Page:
Yes, I’m fully aware that there’s a book from Roald Dahl that I could have been reading my kids, and I do know that the ‘real’ movie choice for this book would be the Tim Burton one, but he and I are on the outs. Just listen to the archives of RLR for reasoning as to why.
That’s neither here nor there, instead I’m talking about the only version of the story that I love more than the original, and that’s the rebranded Willy Wonka & the Chocolate Factory, not the original Charlie and the Something Something you all would say I should share. Am I aware that this movie was nothing more than a marketing ploy to sell candy? Yes! Do I care? Not a bit, because by the time I was old enough to know better, Wonka had already become an established brand.
Alright, so the film from 1971 is a bit before my time but I like to affirm is timeless. The very fact that they set the movie in some nondescript Bavarian burg (I realize Munich isn’t nondescript, jokes people, jokes) makes the story that much more timeless because of the classic architecture and sheer history of that part of the world. The music and score by Newley and Bricusse proves to have lasted the test of 40+ years and is where my daughter got hooked on this cult classic.
When we sat down to watch the movie, my expectations were high that she would enjoy the experience, but I was also ready with the fast-forward button in case her three year old brain got bored with the scenes of extremely thick dialogue that might as well be slapping you across the face with a yardstick sized ass-paddle with the words “EXPOSITION” etched into it.
I knew from the smiles on her face that if she was already hooked on hearing “The Candyman Can” and “I’ve Got a Golden Ticket”, that she was in for a real treat when Gene Wilder (who will always be MY Willy Wonka) and the Oompa Loompas would show up in the factory. Besides the somewhat boring segments where each of the nasty little children are introduced to the audience her attention never veered much from the movie.
Once the kids were being admitted entry into the factory, I could tell that I had done the right thing by sharing THIS version of the film with her first if for no other reason than the simple little bit of trickery that Gene Wilder threw into the character as he was doing his limped walk toward the factory gates. That one littler somersault had to be rewound twice in our viewing because she liked it so much.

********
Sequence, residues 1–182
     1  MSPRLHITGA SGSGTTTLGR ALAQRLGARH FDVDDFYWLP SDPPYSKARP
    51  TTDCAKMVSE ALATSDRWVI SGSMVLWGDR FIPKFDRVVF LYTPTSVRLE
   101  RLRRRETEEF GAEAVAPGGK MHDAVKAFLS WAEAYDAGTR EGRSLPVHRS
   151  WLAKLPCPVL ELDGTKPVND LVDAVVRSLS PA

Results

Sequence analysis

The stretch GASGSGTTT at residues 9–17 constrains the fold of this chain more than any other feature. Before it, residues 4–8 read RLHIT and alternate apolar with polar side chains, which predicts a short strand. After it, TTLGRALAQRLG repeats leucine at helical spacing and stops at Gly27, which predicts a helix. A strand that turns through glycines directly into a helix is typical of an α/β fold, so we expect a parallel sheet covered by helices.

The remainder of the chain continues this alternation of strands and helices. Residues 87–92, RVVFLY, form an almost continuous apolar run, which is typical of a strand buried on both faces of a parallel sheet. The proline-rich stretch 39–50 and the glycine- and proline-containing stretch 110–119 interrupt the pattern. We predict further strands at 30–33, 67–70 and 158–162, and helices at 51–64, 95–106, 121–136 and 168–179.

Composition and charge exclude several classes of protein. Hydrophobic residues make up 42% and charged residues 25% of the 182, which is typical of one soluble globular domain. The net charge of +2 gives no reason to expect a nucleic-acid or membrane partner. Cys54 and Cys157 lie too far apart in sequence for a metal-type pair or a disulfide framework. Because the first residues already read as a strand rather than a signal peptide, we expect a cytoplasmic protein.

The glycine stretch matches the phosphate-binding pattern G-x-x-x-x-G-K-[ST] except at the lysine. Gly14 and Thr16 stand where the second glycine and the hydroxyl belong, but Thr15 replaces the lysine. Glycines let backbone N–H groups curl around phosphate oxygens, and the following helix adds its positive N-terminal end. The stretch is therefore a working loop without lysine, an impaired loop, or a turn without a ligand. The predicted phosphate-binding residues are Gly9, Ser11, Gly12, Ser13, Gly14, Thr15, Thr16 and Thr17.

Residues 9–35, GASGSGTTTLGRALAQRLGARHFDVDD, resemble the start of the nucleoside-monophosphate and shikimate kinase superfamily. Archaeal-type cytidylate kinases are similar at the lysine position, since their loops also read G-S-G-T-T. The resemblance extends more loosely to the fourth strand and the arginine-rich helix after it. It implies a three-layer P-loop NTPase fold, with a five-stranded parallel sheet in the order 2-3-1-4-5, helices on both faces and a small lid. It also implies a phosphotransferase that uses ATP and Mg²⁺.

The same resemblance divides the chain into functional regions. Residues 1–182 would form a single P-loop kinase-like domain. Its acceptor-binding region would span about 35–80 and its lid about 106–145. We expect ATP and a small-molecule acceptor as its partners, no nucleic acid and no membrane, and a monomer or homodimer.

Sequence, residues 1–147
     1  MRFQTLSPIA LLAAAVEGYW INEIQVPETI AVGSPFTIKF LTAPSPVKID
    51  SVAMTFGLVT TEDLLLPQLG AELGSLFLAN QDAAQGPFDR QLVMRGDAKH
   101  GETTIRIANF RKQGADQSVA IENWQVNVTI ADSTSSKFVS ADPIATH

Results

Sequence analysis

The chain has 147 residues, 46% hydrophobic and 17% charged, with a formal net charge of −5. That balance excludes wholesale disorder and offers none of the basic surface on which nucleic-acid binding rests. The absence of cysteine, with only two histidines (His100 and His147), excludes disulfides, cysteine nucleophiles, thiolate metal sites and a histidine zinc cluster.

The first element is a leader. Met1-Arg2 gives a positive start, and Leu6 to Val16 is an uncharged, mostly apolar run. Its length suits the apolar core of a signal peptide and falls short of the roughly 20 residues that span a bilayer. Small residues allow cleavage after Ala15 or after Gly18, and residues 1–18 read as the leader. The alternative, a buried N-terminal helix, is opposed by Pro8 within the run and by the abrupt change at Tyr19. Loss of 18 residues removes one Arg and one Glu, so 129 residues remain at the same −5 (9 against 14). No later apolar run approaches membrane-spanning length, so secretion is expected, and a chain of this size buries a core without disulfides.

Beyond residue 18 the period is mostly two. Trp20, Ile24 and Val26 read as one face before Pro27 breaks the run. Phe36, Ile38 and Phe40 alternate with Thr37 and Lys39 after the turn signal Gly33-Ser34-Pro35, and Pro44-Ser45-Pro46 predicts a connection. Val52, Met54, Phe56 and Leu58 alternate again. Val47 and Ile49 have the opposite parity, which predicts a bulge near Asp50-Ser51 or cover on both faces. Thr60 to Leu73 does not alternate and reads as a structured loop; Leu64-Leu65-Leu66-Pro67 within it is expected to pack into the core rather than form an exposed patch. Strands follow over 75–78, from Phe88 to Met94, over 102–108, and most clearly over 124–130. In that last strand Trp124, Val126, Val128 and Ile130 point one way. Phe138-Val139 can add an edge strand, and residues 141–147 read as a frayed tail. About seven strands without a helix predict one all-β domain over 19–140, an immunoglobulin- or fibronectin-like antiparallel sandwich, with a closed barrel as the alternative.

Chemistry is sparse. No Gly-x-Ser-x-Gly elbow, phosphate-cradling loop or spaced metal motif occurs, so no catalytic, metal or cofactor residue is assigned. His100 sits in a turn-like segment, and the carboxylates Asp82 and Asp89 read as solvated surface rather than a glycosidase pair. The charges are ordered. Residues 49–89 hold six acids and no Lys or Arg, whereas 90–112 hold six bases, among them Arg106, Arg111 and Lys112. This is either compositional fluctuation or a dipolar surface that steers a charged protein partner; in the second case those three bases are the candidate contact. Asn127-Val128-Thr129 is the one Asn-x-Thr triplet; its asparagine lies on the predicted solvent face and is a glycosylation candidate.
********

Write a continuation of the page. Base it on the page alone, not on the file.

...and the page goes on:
From there, things took their normal course, I get misty eyed when Willy sings “Pure Imagination”, laugh when the tubby Agustus goes up the chocolate pipe, and sing along to the Oompa Loompa tracks…the whole time noticing that my daughter hasn’t turned away from the screen one bit.
The only part that required fast forwarding in that segment of the movie was the truly disturbing boat ride scene because I didn’t particularly relish having to deal with a little girl having nightmares that night. I contemplated going past Mr. Wonka yelling at Charlie and Grandpa about the fizzy lifting drinks but thought better of it because it’s less of a spooky scene but one where I was able to teach her something.
Nearing the end of the movie, while they’re riding in the glass elevator…there’s one piece of dialogue that Wilder says to Charlie that has never failed to make me tear, and that’s the whole “Man who got everything he wished for / he lived happily ever after”. No lie, it’s always Niagara Falls every time.
Of course, the biggest measure of how good a movie is with her is the time between the ending and when she asks if we can watch it again. I’m just thankful that I’ve seemed to kindle a love for classic movies like this even though there are those who argue that the new version is better. If I had my way, she’d never have watched the current version until much further down the road, but I love that she loves this movie as much as I did.